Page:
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A dear person (who shall remain nameless in this missive because she’s REALLY sensitive about being hirsute) consulted an electrologist for the problem of excess facial hair. This expert in hair removal asked her directly if her genealogy could be traced to the Scandinavian countries, which of course it could. You may not be aware but the hairiest women on earth are not, as some maintain, women from the Mediterranean region of earth’s globe. The hairiest women are generally Norwegian. So those ancient depictions of Vikings with long flowing blonde locks and generous beards to their nipples? Those pictorials are apparently featuring the Norwegian girls. The Norwegian men were maybe off inventing skiing or something while, apparently, the womenfolk were the ones invading on the longboats. (Another reason why your 23andMe came back 2% Viking.) More than one first-degree relative has made me swear that no matter where I am when her death throes begin I’ll get a tweezer and a 20X magnifying mirror to her on her deathbed so as to avoid criticism from her undertaker and scorn from her offspring. And still, while we sport post-menopausal full-on beards, our once gloriously thick head hair continues to fall out all around us, clogging our drains and our vacuum cleaner bags to biohazard levels.

Another quick word about eyebrows, if I may. Except for that nanosecond when Brooke Shields was all the rage (when was that? back in the 1970s?), I don’t remember eyebrows being central to a woman’s beauty regime. When did that become a “thing” again? I have a hunch about this because mother nature appears to be one perverse bitch when it comes to aging. Glorious female abundant eyebrows probably became all the rage again the second mine started to disappear. Oh, I still have a few. Most of them are now growing on my chin, but they used to be where they belonged. To be 100% honest, I previously never had to give my eyebrows a single thought. I was downright smug about my naturally glorious eyebrows.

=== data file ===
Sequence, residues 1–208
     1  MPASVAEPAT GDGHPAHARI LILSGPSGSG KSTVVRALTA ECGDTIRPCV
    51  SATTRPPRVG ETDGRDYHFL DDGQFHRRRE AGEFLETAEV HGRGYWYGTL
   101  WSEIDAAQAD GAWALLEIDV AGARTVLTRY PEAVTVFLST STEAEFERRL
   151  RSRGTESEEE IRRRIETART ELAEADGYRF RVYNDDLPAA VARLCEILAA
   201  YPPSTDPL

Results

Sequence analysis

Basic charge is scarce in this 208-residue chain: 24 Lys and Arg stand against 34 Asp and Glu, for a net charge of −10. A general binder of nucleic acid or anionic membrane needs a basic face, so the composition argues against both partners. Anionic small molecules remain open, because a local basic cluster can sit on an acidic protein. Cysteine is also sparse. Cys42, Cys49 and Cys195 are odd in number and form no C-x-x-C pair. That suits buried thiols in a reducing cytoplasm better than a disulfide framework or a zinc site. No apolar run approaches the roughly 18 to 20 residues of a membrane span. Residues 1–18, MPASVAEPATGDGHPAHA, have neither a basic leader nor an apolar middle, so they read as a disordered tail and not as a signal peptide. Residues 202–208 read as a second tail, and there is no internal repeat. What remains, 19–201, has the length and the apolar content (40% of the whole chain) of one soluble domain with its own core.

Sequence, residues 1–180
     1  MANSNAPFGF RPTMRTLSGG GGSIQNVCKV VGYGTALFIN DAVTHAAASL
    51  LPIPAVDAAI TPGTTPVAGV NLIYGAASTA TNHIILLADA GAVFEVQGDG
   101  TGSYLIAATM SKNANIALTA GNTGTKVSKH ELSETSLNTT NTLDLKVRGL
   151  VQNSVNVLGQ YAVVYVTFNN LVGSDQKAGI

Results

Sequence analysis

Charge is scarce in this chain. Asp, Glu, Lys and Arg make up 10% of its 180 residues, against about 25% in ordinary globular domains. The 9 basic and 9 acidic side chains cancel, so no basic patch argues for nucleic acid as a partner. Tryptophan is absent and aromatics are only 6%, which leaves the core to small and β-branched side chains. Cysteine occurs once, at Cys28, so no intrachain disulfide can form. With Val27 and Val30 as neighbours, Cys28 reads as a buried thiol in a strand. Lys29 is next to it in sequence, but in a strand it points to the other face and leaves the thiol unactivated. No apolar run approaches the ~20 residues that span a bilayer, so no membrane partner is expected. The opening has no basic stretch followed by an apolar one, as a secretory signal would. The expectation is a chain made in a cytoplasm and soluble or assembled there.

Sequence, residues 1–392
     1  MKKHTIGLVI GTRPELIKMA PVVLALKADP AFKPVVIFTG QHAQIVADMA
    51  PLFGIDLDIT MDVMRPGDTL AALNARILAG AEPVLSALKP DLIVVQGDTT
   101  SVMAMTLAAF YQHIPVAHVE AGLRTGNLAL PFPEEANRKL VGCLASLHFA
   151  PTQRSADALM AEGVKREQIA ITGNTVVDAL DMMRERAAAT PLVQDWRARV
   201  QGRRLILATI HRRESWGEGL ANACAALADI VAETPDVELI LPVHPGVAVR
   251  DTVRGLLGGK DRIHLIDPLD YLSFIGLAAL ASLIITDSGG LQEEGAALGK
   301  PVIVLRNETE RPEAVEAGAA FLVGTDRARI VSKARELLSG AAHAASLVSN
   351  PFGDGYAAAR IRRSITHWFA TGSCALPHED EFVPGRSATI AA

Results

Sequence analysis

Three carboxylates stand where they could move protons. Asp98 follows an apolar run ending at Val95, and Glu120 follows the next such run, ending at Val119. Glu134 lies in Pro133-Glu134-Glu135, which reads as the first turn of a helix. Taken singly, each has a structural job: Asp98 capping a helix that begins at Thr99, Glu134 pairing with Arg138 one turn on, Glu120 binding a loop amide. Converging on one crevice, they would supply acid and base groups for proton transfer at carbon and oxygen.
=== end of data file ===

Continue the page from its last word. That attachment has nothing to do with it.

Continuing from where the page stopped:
Now, like the rest of womanhood worldwide, thanks to my vulnerability to marketing and peer pressure, I am a sucker for any product promising the illusion of lush, full brows. Also, eyelashes, but that whole trend of artificially mimicking copulating spiders on your lids is one I’m going to let expire without my participation. I can resist a trend when it involves outright stupidity or unseemly expense, and I am hereby apologizing to all my friends who have succumbed to this ridiculous (and ridiculously expensive) new-ish beauty trend. I’m judging you. I suspect that these friends who have monthly appointments at the Brow and Lash salon are the same friends who were having their coochies waxed back in the day. (Are we still doing that, or not? I can’t keep track.) Full disclosure: I never waxed my cooch. And I’ll bet dollars to donuts that all my friends who dutifully went to Pink Cheeks on the reg in the way back so they could have absolutely bald pudendum now wish they had saved all that pubic hair for a nice weave up top today. I’m just saying.

Still, hair and where it’s going is only the tip of the iceberg when it comes to the unwelcome changes of Geezerhood. While we’re in the above-the-neck neighborhood, let’s discuss eyes. This agonizingly slow deterioration of my eyesight bullshit has been going on now for decades. I remember the precise moment I realized I was getting old and losing my sight. It was a balmy night and I was driving up in one of the canyons in the greater Los Angeles area. I had to pull over and take out a street map to try to locate a destination. I turned on the dome light. I can’t tell you how long it had been since I’d had the need to consult a map, but I can tell you that it was a damn shock to realize suddenly I COULD NOT SEE ANYTHING. I vaguely remember sitting there shedding a tear or two behind the wheel in full realization that I was getting old and inevitably I would require reading glasses. The year was 1990.